If you have a high school or club coach that is willing to help you through the recruiting process, consider yourself lucky.
Many coaches don’t want to, or don’t know how to, help their athletes get noticed by college coaches. Some reasons they don’t want to? It takes too much time, and doesn’t directly effect their team’s performance. Therefore, there isn’t a direct benefit to them other than seeing one of their athletes go on and play at the next level. They may also not know how to help you get to the next level: They aren’t familiar with the recruiting rules, ways to expose their top athletes to coaches who are searching for prospects, or what caliber of athlete would qualify at what college division level.
For the lucky few that have smart, proactive coaches in their corner, the benefits are huge: You have someone who can be a good source of contact with college coaches, who often respect the evaluation of a respected high school or club coach and will put their recommended athletes at the top of their recruiting lists.
That can make a big difference when it comes to separating yourself from the crowded list of potential college prospects fighting for the attention of a college program. In the end, I’ve seen the actions of a savvy high school coach make big differences in how their prospects are treated by college coaches who are out searching for talent.
If you want your high school or club coach to help you get recruited, there are a couple of things I strongly recommend you do to help your chances of playing at the next level. Print these tips out or forward them to your coach, and get them on board in helping you reach the next level:
- Tell them exactly what your goals are. It’s critical that they understand that you don’t have hear only from the best of the best college programs, but that you are open to consider any opportunities that might be out there. Coaches sometimes will only get excited at the prospect of one of their athletes going to a “top school” in their sport. If they take this approach, not many of their athletes (if any) will play college sports. Make sure they understand that you want as many contacts as possible, so that you can choose the school and the coach that is the best fit for you. Make sure you communicate that clearly to your coach at the start of the process.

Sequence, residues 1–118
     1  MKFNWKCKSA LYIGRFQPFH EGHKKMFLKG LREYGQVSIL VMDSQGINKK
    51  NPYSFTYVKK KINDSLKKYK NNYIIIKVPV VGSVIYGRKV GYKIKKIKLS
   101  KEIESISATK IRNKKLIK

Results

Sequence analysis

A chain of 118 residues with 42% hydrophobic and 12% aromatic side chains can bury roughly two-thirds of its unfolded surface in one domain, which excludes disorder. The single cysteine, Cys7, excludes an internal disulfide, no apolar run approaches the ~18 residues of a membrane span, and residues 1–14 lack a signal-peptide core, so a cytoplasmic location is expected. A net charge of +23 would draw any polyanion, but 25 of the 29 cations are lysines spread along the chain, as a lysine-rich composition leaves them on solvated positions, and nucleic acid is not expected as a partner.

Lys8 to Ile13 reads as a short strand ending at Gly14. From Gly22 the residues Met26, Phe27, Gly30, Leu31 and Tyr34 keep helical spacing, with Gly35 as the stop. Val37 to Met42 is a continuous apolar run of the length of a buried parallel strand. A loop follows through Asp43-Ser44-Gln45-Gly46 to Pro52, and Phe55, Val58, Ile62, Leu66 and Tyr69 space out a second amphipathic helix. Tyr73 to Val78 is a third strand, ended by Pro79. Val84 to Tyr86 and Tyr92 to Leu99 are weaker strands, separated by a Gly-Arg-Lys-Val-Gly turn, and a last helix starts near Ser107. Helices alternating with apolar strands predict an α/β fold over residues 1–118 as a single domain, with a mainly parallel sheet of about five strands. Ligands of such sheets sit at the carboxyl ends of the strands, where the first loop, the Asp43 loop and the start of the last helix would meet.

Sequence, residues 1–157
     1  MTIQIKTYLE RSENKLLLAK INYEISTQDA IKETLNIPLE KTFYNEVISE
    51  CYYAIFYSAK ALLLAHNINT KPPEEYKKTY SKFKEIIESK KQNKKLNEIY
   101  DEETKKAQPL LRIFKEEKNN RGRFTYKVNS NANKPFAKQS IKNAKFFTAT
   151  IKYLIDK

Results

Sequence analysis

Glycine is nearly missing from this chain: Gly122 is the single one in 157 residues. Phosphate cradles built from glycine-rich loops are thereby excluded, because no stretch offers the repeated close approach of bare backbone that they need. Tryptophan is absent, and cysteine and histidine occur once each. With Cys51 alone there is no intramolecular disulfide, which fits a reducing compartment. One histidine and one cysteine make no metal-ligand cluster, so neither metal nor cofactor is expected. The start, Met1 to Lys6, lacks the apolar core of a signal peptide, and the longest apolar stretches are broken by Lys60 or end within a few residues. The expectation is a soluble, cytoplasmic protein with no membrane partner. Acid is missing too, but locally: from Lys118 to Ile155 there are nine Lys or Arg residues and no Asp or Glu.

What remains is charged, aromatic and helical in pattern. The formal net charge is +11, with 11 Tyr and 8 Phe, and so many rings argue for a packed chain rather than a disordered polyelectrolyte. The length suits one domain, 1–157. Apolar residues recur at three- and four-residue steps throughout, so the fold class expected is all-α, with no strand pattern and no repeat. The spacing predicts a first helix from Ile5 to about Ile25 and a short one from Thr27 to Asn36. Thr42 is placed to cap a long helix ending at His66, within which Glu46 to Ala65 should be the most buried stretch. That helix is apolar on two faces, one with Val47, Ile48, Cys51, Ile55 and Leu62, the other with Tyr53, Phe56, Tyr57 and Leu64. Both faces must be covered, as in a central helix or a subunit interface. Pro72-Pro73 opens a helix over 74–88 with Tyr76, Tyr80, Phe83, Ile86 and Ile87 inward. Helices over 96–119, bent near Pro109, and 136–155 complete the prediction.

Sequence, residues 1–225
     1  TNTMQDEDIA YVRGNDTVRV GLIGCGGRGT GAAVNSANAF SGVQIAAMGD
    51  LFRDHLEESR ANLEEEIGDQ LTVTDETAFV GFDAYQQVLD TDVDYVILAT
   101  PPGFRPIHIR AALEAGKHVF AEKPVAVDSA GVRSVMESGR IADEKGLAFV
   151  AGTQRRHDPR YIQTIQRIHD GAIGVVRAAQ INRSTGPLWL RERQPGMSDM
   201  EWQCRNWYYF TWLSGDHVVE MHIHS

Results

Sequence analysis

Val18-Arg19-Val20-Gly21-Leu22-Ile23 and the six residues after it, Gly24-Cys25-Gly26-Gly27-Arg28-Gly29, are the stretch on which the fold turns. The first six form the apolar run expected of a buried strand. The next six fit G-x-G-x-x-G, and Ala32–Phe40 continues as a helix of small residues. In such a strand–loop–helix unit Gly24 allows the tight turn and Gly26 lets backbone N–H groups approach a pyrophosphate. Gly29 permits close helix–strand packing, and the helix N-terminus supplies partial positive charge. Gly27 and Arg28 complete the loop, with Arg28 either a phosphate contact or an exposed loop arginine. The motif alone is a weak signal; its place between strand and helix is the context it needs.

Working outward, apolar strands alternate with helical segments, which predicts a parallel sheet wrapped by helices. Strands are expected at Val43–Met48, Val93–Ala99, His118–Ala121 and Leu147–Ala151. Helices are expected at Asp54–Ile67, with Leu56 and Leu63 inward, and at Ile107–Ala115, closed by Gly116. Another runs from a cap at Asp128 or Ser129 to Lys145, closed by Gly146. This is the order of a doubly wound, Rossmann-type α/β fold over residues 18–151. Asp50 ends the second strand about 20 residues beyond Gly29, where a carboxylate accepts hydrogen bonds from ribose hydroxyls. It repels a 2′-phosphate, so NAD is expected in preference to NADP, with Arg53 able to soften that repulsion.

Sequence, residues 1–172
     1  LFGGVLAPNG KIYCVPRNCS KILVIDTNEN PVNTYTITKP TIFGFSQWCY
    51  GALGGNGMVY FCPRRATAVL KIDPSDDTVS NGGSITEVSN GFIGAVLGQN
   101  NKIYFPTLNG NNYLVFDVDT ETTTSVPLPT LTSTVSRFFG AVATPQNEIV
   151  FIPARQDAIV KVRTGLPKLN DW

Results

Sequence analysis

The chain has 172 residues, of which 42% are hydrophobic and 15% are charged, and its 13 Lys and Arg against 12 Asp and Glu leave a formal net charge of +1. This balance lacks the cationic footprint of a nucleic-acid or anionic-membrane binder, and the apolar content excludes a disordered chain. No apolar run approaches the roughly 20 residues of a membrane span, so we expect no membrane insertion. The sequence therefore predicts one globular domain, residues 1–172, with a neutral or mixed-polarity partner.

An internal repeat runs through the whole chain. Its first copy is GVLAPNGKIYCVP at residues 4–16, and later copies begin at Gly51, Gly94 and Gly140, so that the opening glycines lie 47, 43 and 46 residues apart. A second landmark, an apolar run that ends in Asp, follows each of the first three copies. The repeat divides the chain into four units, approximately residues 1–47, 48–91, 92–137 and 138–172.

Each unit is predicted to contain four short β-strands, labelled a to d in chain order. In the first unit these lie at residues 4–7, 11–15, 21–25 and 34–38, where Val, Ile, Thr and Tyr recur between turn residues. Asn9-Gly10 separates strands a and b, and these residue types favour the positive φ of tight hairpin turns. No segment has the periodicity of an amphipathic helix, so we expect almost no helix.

- Ask them what college coaches they have good contact with, and if they would get in touch with them about you. By doing this, you’ll find out if they have any real relationships with college coaches. If they do, great! They can help you get in touch with them and seeing if there are opportunities at those schools. If they don’t, then you know that you may have to go through other sources to get contacts for your college scholarship search. Make sure you see if your coach can help use their contacts to further your chances of playing at the next level.
- Ask them to write a letter or reference for you. Have them send it to you electronically so that you can e-mail it or print it for college coaches. Make sure they list what they like about having you as an athlete, what your strong points are, and what areas you need to improve in. The more information the better. A letter like this won’t guarantee you a scholarship, but it will be an extra measure of proof that you are working hard to improve your performance and working with your coach to make that happen.
Those are three quick ways to ensure that your coach is doing everything they can for you as you get ready to pursue college scholarship opportunities. They’re proven, they work, and they can make a big difference in your end results. By the way, if they haven’t already, make sure they fill out our free high school coach recruiting form on the NCSA website. That’s how a lot of contacts get started with college coaches.
One other thing I want to point out to you is that it isn’t your coach’s “job” to get you recruited. Don’t expect them to give up their personal lives to spend hours and hours devoting time to your college search. The main responsibility for contacting coaches falls on your shoulders. This is your future, and you need to take ownership of the task and make sure you are getting in front of as many coaches as possible. Your coach can help you make that happen, but it isn’t their responsibility to make it happen.
My advice to you is this: Pick one of those three tips I just listed and go to your coach immediately and ask them for their help. That’s the easiest – and fastest – way to get your coach involved in the recruiting process and start seeing results.
Chris Krause, Founder and President